When a human enters into the transformational process by eating the pome, a number of tangents develop. Few of us eat a fruit and defecate in the woods say, such as a bear would who raids an old abandoned orchard, thus spreading seeds with a nutrient-rich package of feces surrounding them eventually to break down and be utilized by a number of organisms. If these seeds begin growing and mature into trees, they rarely recapitulate the parent pear’s good traits. I’ve seen these sport trees around old homesteads grow taller than the parent stock and with much smaller, often inedible fruits even when the old parent tree fruit is incredibly delicious! Modern orchard stock is normally grafted.
Short of having a composting toilet, chickens, pigs or a compost pile to throw the digested or rotting fruits, cores and scraps into from either eating, canning or in some manner preserving the harvest, most of us throw it in the trash or down the garbage disposal as a convenient way to disperse the pear’s nutrients which then end up in the septic tank, water reclamation plant or dump. Fortunately, I have a vermiculture bin of red wriggler worms that will eat up my kitchen scraps and give back rich soils and worm tea (the liquid that drains out of the bin) which I use in my container gardens. I also save a good portion of the veggie and fruit scraps from the house for my orchard-owning friends. Their chickens get to scavenge through it first as it is spread on their compost pile and then the chickens take it full circle to the orchard and deposit when nature calls and thus another cycle of transformation and regeneration begins anew.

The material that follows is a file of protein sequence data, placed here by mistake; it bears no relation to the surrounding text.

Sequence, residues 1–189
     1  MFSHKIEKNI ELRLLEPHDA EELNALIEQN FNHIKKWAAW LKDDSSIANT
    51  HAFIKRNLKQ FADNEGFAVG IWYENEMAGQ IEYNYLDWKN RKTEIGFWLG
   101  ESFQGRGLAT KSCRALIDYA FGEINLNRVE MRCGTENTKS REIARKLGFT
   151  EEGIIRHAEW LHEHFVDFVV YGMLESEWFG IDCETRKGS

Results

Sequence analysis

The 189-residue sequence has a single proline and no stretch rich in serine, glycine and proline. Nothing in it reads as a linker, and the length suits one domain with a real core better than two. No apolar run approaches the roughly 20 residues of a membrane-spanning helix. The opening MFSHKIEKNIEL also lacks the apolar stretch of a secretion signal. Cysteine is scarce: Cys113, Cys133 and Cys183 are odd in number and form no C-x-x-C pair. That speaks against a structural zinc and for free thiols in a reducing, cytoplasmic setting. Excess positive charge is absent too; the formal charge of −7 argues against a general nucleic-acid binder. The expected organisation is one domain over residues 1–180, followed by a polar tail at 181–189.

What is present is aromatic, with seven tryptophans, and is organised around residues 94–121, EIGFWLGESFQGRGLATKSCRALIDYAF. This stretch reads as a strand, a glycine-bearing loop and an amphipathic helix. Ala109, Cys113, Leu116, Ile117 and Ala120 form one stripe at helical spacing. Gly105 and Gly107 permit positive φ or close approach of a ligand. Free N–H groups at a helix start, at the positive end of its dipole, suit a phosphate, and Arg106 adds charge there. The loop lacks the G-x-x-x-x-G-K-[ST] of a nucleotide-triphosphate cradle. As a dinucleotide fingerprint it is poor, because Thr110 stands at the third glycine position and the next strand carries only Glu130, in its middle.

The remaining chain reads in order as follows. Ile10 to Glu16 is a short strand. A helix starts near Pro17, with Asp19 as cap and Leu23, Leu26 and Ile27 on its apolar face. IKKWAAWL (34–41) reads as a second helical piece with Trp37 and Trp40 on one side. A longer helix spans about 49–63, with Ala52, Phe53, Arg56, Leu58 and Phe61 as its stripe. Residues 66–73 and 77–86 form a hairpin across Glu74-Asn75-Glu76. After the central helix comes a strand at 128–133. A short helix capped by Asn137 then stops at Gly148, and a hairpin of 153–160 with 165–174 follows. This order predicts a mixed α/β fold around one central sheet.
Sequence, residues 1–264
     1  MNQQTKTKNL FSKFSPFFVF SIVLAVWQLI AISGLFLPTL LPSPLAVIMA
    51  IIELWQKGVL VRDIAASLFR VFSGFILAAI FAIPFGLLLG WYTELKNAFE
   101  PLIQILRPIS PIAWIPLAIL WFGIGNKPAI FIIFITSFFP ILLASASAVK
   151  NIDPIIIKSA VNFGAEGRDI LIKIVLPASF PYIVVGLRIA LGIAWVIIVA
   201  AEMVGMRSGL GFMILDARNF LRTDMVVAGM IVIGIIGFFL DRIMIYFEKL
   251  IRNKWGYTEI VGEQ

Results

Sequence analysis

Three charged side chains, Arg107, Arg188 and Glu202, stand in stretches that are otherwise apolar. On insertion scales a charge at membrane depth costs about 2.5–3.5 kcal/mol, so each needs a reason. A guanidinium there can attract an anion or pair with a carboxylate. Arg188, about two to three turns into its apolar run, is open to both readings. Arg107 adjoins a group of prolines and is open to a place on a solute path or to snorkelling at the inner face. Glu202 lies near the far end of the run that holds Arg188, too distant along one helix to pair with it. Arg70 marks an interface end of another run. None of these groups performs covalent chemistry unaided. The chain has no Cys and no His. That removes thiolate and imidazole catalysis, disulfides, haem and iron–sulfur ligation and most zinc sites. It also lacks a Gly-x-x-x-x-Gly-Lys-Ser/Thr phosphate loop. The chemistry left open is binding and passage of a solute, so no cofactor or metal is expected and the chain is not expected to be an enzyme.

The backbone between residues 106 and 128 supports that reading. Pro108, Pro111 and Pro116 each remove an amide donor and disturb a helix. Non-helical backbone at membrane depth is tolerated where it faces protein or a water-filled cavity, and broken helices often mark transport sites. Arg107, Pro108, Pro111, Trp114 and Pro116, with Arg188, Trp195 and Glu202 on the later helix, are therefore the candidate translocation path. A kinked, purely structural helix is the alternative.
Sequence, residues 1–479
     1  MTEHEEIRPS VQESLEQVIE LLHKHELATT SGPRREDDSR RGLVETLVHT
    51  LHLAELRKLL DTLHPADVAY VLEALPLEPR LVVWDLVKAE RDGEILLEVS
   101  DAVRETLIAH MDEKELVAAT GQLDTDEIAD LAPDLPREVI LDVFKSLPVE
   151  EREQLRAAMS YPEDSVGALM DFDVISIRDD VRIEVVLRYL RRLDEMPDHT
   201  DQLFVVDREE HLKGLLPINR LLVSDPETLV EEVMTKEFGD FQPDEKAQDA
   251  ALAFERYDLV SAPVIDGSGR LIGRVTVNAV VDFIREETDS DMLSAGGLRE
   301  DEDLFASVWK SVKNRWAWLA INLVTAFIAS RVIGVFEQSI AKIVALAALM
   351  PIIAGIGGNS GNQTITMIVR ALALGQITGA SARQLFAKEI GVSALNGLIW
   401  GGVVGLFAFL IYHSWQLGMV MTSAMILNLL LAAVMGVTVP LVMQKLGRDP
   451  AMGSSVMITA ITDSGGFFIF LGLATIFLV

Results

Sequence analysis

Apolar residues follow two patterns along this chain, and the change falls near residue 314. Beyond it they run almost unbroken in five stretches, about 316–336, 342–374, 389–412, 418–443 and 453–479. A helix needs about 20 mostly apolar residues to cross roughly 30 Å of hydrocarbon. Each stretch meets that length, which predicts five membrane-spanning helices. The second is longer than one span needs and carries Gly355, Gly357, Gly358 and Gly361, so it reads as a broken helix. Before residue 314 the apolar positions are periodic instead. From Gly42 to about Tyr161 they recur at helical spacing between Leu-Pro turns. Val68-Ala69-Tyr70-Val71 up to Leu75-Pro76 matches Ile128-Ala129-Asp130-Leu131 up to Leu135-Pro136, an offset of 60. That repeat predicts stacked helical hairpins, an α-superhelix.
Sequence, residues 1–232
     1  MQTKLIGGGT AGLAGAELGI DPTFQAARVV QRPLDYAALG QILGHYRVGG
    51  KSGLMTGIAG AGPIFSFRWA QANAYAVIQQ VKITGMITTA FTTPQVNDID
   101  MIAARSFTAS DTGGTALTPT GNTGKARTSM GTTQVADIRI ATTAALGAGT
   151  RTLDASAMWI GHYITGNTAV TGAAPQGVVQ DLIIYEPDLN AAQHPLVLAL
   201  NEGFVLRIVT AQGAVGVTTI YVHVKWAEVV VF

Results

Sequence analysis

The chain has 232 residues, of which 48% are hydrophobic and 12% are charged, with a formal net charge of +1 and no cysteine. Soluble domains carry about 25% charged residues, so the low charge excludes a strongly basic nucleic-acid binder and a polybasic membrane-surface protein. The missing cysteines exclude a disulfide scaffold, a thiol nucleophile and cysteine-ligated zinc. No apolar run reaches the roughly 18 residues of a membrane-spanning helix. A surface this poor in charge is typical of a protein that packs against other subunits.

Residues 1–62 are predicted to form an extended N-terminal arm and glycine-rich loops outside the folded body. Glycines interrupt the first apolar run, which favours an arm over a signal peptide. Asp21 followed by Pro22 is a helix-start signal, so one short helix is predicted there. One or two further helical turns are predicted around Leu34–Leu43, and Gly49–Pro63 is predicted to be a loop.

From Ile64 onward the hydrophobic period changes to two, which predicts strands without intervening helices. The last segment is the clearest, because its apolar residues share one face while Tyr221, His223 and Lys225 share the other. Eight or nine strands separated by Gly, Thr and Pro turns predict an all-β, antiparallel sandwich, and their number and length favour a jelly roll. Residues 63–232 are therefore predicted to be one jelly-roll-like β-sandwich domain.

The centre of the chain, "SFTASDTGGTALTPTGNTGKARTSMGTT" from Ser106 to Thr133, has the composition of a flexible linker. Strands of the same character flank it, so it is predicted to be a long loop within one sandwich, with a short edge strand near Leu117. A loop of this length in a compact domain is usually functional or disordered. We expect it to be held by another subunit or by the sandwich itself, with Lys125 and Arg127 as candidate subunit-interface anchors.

Join us next time for Musings in the Autumn Season: Colors and Textures